[9] Heffernan, A., "Protection of BGP Sessions via the TCP MD5 Signature Option", RFC 2385, August 1998.

[9] Heffernan,A.,“通过TCP MD5签名选项保护BGP会话”,RFC 2385,1998年8月。

[10] Rekhter, Y., Li, T., and S. Hares, "A Border Gateway Protocol 4 (BGP-4)", RFC 4271, January 2006.

[10] Rekhter,Y.,Li,T.,和S.Hares,“边境网关协议4(BGP-4)”,RFC 42712006年1月。

[11] Villamizar, C., Chandra, R., and R. Govindan, "BGP Route Flap Damping", RFC 2439, November 1998.

[11] Villamizar,C.,Chandra,R.,和R.Govindan,“BGP路线襟翼阻尼”,RFC 2439,1998年11月。

[12] Waitzman, D., Partridge, C., and S. Deering, "Distance Vector Multicast Routing Protocol", RFC 1075, November 1988.

[12] Waitzman,D.,Partridge,C.和S.Deering,“距离向量多播路由协议”,RFC 1075,1988年11月。

[13] L. von Ahn, M. Blum, N. Hopper, and J. Langford. CAPTCHA: Using hard AI problems for security. In Proceedings of Eurocrypt, 2003.

[13] L.冯·安、M.布鲁姆、N.霍珀和J.朗福德。验证码:使用人工智能硬问题进行安全性验证。《欧洲密码会议录》,2003年。

9. Informative References
9. 资料性引用

[14] T. Aura, P. Nikander, J. Leiwo, "DOS-resistant authentication with client puzzles", In B. Christianson, B. Crispo, and M. Roe, editors, Proceedings of the 8th International Workshop on Security Protocols, Lecture Notes in Computer Science, Cambridge, UK, April 2000.

[14] T.Aura,P.Nikander,J.Leiwo,“具有客户端谜题的拒绝服务认证”,载于B.Christianson,B.Crispo和M.Roe,编辑,第八届安全协议国际研讨会论文集,计算机科学讲稿,英国剑桥,2000年4月。

[15] J. Bellardo, S. Savage, "802.11 Denial-of-Service Attacks: Real Vulnerabilities and Practical Solutions", Proceedings of the USENIX Security Symposium, Washington D.C., August 2003.

[15] J.Bellardo,S.Savage,“802.11拒绝服务攻击:真正的漏洞和实际解决方案”,USENIX安全研讨会论文集,华盛顿特区,2003年8月。

[16] S.M. Bellovin, "Security Problems in the TCP/IP Protocol Suite", Computer Communication Review, Vol. 19, No. 2, pp. 32-48, April 1989.

[16] S.M.Bellovin,“TCP/IP协议套件中的安全问题”,《计算机通信评论》,第19卷,第2期,第32-48页,1989年4月。

[17] CCAIS/RNP Alertas do Cais ALR-19112002a, "Vulnerability in the sending requests control of Bind versions 4 and 8 allows DNS spoofing",

[17] CCAIS/RNP Alertas do Cais ALR-19112002a,“绑定版本4和8的发送请求控制中存在允许DNS欺骗的漏洞”,

[18] CERT Advisory CA-1996-01, "UDP Port Denial-of-Service Attack", Feb 1996.

[18] CERT咨询CA-1996-01,“UDP端口拒绝服务攻击”,1996年2月。

[19] CERT Advisory CA-1996-21, "TCP SYN Flooding and IP Spoofing Attacks", Sept 1996.

[19] CERT咨询CA-1996-21,“TCP SYN洪泛和IP欺骗攻击”,1996年9月。

[20] CERT Advisory CA-2001-09, "Statistical Weaknesses in TCP/IP Initial Sequence Numbers", May 2001.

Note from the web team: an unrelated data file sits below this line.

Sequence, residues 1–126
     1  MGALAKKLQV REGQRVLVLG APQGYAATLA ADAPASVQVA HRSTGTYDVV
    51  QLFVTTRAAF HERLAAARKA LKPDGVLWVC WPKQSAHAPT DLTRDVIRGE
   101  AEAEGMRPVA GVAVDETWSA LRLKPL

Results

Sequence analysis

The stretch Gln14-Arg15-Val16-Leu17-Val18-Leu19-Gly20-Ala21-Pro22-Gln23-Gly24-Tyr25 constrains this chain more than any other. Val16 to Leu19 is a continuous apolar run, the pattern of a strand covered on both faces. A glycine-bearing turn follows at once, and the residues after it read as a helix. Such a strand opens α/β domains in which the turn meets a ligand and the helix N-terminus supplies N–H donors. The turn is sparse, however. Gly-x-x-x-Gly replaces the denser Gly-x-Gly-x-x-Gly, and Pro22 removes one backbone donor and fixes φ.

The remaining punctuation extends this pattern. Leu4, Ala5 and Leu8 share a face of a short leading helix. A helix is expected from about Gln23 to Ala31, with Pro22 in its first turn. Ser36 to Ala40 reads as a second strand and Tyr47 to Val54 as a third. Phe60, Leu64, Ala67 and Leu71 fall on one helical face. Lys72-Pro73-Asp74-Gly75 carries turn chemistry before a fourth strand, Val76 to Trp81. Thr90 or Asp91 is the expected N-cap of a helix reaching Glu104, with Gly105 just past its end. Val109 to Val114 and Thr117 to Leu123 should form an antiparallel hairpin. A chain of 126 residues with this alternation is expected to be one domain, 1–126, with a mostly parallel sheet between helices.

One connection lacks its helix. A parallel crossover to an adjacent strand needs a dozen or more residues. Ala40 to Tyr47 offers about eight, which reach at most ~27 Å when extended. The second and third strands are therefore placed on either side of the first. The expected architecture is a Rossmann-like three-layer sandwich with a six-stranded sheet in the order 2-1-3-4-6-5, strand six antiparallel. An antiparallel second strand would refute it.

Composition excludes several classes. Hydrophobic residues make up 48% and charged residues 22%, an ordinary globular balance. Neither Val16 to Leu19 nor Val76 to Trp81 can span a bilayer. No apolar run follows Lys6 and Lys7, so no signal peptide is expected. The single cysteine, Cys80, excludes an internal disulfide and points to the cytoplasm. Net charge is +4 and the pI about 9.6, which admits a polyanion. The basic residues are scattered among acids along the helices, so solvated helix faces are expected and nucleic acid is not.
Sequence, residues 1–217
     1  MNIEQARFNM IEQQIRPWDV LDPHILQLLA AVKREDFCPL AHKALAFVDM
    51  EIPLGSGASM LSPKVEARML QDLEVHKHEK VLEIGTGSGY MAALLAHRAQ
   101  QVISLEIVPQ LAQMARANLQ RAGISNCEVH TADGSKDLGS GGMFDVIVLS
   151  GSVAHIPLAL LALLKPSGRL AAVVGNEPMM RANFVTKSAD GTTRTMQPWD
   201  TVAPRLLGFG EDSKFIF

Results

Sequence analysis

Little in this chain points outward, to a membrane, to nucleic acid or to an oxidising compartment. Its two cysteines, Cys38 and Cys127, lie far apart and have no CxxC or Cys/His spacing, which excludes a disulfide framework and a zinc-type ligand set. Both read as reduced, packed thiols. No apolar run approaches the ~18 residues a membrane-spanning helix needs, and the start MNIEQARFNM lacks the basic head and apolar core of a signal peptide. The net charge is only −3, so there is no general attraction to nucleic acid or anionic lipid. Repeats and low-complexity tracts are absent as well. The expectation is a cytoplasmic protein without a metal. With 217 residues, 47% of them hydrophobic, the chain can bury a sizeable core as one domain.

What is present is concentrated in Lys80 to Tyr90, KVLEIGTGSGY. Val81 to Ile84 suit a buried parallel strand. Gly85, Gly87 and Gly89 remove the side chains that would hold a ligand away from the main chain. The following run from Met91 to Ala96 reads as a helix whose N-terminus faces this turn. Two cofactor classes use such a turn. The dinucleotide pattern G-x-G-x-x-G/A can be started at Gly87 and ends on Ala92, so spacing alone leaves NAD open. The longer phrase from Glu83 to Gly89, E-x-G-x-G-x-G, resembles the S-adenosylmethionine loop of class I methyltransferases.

[20] CERT咨询CA-2001-09,“TCP/IP初始序列号的统计缺陷”,2001年5月。

[21] CERT Advisory CA-1996-26, "Denial-of-Service Attack via ping", Dec 1996.

[21] CERT咨询CA-1996-26,“通过ping进行的拒绝服务攻击”,1996年12月。

[22] CERT Advisory CA-1998-01, "Smurf IP Denial-of-Service Attacks",, Jan 1998.

[22] 证书咨询CA-1998-01,“Smurf IP拒绝服务攻击”,,1998年1月。

[23] CERT Incident Note IN-2000-05, "'mstream' Distributed Denial of Service Tool", May 2000.

[23] CERT事件说明IN-2000-05,“mstream”分布式拒绝服务工具,2000年5月。

[24] CERT/CC - "Managing the Threat of Denial of Service Attacks",

[24] CERT/CC - "Managing the Threat of Denial of Service Attacks", error, please retry

[25] CERT/CC - "Trends in Denial of Service Attack Technology",

[25] CERT/CC—“拒绝服务攻击技术的发展趋势”,

[26] D.F. Chang, R. Govindan, J. Heidemann, "An Empirical Study of Router Response to Large Routing Table Load", Proceedings of the 2nd Internet Measurement Workshop (IMW 2002), 2002.

[26] D.F.Chang,R.Govindan,J.Heidemann,“路由器对大路由表负载响应的实证研究”,第二届互联网测量研讨会论文集(IMW 2002),2002年。

[27] Cisco Systems, "Configuring the BGP Maximum-Prefix Feature", Cisco Document ID: 25160,

[27] Cisco Systems,“配置BGP最大前缀功能”,Cisco文档ID:25160,

[28] Scott A Crosby and Dan S Wallach, "Denial of Service via Algorithmic Complexity Attacks", Proceedings of the USENIX Security Symposium, Washington D.C., August 2003.

[28] Scott A Crosby和Dan S Wallach,“通过算法复杂性攻击的拒绝服务”,USENIX安全研讨会论文集,华盛顿特区,2003年8月。

[29] Laurent Joncheray, "Simple Active Attack Against TCP", 5th USENIX Security Symposium, 1995.

[29] Laurent Joncheray,“针对TCP的简单主动攻击”,第五届USENIX安全研讨会,1995年。

[30] M. Lough, "A Taxonomy of Computer Attacks with Applications to Wireless", PhD thesis, Virginia Polytechnic Institute, April 2001.

[30] M.Lough,“应用于无线的计算机攻击分类”,弗吉尼亚理工学院博士论文,2001年4月。

[31] Z. Mao, R. Govindan, G. Varghese, R. Katz, "Route Flap Dampening Exacerbates Internet Routing Convergence", Proceedings of ACM SIGCOMM, 2002.

[31] 毛志强,R.戈文丹,G.瓦盖斯,R.卡茨,“路由抖动抑制加剧了互联网路由收敛”,ACM SIGCOMM会议录,2002年。

[32] Fenner, B., Ed., and D. Meyer, Ed., "Multicast Source Discovery Protocol (MSDP)", RFC 3618, October 2003.

[32] Fenner,B.,Ed.,和D.Meyer,Ed.,“多播源发现协议(MSDP)”,RFC3618,2003年10月。

[33] J. Mogul, KK. Ramakrishnan, "Eliminating Receive Livelock in an Interrupt-driven Kernel", ACM Transactions on Computer Systems, Vol 15, Number 3, pp. 217-252, 1997.

[33] 莫格尔,KK。罗摩克里希南,“在中断驱动内核中消除接收活锁”,《计算机系统上的ACM事务》,第15卷,第3期,第217-252页,1997年。